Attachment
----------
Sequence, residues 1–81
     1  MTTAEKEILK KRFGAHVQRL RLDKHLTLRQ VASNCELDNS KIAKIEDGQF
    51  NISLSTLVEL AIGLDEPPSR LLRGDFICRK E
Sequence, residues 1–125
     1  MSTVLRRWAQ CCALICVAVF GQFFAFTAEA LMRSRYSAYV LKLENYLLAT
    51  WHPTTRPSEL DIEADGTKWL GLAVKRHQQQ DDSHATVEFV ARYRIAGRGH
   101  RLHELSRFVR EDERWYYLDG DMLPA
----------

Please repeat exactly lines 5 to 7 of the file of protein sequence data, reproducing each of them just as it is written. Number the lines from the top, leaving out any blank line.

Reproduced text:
     1  MSTVLRRWAQ CCALICVAVF GQFFAFTAEA LMRSRYSAYV LKLENYLLAT
    51  WHPTTRPSEL DIEADGTKWL GLAVKRHQQQ DDSHATVEFV ARYRIAGRGH
   101  RLHELSRFVR EDERWYYLDG DMLPA